# Homework Help: Qustion on sinewave

1. Dec 18, 2011

### greg997

If the expression forsinewave is y=Asin(ωt±α)
then α is the phase angle.
But what is time displacement looking at that expression?
Thank you

2. Dec 18, 2011

### Mentallic

Time displacement? I assume you mean how long it takes for the sine wave to repeat a cycle, or its [STRIKE]frequency[/STRIKE].

All sine waves repeat every $2\pi$ units. So what we're looking for is

$$wt_1+\alpha+2\pi$$

to be equal to

$$wt_2+\alpha$$

and we want to find t2 in terms of t1, t2>t1

So equating each expression and simplifying:

$$wt_1+\alpha+2\pi=wt_2+\alpha$$

$$wt_2=wt_1+2\pi$$

$$t_2=t_1+\frac{2\pi}{w}$$

So clearly from this, we can see that the time it takes from the first point in a cycle (t1) to the next (t2) takes $2\pi/w$ time.

Also to get a more intuitive understanding of this, just think about the length of a complete cycle for sin(x), then sin(2x), sin(x/3) - which is the same as sin(1/3*x) etc.

edit: meant to say period, not frequency.

Last edited: Dec 18, 2011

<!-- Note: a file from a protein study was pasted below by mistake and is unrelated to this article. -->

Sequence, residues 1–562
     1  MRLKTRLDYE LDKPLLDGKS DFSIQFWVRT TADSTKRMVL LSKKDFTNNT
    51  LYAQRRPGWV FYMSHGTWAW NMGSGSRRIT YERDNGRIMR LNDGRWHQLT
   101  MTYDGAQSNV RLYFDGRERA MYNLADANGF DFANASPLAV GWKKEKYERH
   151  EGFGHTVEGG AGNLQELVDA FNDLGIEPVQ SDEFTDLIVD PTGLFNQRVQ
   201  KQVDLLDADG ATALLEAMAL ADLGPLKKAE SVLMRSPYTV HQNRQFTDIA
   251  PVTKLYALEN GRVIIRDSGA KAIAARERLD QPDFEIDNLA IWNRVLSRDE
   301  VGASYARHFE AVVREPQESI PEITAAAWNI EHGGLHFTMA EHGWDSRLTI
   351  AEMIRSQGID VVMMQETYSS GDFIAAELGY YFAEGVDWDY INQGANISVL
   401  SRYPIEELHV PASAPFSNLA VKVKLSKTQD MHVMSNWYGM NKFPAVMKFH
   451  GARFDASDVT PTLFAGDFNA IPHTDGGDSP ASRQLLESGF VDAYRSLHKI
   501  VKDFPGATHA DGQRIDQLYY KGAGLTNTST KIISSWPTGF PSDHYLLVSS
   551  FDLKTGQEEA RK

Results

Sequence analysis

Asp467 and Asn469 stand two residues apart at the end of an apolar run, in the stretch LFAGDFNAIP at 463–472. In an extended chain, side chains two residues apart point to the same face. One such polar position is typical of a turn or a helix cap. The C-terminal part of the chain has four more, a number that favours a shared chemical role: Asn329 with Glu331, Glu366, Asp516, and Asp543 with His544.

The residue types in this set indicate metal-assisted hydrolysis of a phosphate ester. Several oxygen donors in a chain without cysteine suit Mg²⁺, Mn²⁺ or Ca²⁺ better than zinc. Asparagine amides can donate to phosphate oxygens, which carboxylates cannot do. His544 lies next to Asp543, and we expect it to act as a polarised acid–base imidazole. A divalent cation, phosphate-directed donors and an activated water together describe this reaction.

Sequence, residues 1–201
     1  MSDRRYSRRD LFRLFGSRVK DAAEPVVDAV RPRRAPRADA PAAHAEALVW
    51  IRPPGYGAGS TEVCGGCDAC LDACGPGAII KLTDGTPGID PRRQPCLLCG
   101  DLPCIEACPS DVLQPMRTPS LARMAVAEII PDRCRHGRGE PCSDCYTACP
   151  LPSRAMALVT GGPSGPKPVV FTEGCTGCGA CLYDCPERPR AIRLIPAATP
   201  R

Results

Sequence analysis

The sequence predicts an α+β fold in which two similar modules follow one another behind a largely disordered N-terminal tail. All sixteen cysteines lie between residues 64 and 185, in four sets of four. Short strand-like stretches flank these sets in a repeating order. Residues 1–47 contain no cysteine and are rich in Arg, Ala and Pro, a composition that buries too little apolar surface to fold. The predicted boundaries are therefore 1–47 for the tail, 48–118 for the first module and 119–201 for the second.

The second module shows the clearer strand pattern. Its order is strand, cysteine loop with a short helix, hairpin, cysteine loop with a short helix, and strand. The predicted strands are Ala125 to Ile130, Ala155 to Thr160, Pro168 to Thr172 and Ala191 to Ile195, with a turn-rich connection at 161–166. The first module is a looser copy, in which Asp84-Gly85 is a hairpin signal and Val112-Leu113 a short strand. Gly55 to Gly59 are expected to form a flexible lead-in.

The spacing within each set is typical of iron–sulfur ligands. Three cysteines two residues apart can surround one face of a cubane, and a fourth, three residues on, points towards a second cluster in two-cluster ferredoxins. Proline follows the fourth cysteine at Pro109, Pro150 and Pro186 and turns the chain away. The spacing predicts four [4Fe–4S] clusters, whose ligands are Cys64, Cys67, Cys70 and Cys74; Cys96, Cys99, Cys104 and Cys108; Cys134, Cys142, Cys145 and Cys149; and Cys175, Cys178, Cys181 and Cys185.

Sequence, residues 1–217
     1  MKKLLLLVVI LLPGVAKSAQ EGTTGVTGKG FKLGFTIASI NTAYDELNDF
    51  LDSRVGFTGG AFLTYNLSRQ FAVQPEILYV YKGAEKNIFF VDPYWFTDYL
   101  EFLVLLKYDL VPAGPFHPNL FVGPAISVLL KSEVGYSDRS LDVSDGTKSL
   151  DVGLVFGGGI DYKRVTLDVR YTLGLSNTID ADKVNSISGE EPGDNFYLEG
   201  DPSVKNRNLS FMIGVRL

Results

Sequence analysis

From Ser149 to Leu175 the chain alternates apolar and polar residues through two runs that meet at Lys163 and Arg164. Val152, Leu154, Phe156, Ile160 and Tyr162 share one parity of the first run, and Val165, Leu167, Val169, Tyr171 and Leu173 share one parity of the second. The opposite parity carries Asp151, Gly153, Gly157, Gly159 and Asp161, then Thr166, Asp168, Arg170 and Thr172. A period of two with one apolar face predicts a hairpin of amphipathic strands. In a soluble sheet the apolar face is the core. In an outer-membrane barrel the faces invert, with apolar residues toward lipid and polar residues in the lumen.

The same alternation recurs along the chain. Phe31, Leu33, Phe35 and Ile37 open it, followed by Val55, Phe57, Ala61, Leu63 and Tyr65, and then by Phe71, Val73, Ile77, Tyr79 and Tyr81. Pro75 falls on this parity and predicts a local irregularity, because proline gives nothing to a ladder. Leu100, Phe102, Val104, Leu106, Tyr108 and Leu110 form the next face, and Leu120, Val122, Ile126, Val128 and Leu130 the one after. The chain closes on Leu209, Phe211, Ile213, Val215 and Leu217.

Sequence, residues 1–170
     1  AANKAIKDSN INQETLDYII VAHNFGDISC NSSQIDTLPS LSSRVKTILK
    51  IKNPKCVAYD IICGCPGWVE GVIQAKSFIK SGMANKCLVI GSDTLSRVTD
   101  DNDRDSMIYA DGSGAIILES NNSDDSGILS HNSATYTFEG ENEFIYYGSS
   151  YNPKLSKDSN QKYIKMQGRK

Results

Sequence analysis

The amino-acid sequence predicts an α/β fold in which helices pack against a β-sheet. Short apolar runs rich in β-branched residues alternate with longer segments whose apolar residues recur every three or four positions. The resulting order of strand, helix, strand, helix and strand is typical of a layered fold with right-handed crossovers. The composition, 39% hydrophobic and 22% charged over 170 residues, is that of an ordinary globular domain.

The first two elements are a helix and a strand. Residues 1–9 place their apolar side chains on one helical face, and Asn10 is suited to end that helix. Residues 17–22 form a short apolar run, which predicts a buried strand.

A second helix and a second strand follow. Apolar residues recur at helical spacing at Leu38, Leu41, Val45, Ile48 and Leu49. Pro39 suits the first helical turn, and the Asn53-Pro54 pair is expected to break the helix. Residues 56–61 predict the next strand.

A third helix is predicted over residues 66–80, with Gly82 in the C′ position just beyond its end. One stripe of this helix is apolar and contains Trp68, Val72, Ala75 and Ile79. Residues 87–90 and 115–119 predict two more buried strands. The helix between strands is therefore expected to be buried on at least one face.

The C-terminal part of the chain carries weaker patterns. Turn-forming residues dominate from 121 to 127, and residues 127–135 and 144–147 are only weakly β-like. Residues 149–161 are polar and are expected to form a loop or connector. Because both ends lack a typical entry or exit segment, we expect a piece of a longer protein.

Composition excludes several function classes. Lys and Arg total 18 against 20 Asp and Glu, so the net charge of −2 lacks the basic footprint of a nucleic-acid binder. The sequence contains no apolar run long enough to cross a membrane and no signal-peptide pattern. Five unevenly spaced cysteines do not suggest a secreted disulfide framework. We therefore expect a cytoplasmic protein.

3. Dec 18, 2011

### greg997

Thank you for your really good explanation.
But I am not sure this is the answer to the question I was given. I am not sure.
Can frequency and time period T be called time displacement? Is it not about that phase angle?
Thanks any way

4. Dec 18, 2011

### technician

Is it ω that is worrying you?
ω is an 'angular velocity' it is the number of cycles (given in radians) completed per second
1 cycle is 2∏ radians and therefore ω = 2∏/T where T is the time for 1 cycle.... the time period

So T = 2∏/ω

and frequency f = 1/T = ω/2∏

Hope this helps

5. Dec 18, 2011

### LCKurtz

You haven't given the definition of "time displacement". If you write$$sin(\omega t \pm \alpha) = \sin(\omega(t \pm \frac \alpha \omega))$$ is it the $\pm\frac \alpha \omega$ you want? (Notice that is a question; I'm just guessing here).